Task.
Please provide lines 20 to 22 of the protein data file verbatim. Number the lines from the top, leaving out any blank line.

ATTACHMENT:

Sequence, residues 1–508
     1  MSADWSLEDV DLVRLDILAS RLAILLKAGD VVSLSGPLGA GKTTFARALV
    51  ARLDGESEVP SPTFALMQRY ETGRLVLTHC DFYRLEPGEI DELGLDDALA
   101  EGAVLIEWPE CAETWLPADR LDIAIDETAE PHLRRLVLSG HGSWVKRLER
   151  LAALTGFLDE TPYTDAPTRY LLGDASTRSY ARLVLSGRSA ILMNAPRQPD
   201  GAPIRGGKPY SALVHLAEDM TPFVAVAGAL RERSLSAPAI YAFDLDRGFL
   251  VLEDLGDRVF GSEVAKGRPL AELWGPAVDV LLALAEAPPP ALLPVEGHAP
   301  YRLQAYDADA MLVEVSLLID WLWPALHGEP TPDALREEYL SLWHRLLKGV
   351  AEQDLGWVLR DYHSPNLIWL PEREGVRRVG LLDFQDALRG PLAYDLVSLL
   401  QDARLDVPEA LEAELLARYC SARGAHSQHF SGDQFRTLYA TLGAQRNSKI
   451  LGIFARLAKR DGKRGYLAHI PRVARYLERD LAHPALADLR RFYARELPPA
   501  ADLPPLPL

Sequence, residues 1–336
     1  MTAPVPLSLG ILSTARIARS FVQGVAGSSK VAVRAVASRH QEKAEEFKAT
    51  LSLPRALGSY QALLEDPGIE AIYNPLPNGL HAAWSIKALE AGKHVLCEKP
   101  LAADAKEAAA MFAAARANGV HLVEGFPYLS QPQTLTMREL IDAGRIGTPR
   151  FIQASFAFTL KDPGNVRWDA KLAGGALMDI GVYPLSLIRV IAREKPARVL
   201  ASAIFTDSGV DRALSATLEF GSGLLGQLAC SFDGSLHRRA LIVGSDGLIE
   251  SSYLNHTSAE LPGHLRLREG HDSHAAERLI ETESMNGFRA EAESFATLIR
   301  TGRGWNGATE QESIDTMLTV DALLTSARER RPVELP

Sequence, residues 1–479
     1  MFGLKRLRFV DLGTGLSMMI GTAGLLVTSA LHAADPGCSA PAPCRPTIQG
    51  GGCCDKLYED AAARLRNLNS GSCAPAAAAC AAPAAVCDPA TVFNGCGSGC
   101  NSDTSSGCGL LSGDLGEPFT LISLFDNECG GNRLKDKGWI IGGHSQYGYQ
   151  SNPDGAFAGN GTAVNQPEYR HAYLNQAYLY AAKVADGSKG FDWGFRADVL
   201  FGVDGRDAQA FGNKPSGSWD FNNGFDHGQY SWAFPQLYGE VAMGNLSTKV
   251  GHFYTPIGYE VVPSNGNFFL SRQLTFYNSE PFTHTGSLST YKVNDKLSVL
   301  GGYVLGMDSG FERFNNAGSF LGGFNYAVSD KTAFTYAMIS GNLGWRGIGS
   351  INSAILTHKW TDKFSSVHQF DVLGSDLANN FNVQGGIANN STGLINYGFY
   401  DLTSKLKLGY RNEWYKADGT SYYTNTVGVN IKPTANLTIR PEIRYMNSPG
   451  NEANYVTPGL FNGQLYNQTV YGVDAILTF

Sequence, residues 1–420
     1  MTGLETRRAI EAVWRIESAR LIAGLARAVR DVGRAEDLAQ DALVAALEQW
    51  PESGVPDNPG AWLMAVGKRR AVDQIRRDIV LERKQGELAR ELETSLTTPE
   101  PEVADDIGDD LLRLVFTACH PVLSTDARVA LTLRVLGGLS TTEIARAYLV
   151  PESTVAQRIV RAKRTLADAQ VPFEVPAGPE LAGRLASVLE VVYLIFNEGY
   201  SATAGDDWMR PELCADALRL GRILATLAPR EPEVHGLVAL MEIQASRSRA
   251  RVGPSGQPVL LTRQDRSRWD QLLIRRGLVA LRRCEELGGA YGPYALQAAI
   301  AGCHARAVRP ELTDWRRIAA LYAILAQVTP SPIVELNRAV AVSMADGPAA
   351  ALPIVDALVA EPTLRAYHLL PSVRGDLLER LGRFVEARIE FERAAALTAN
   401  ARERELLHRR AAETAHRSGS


   301  TGRGWNGATE QESIDTMLTV DALLTSARER RPVELP

Sequence, residues 1–479
     1  MFGLKRLRFV DLGTGLSMMI GTAGLLVTSA LHAADPGCSA PAPCRPTIQG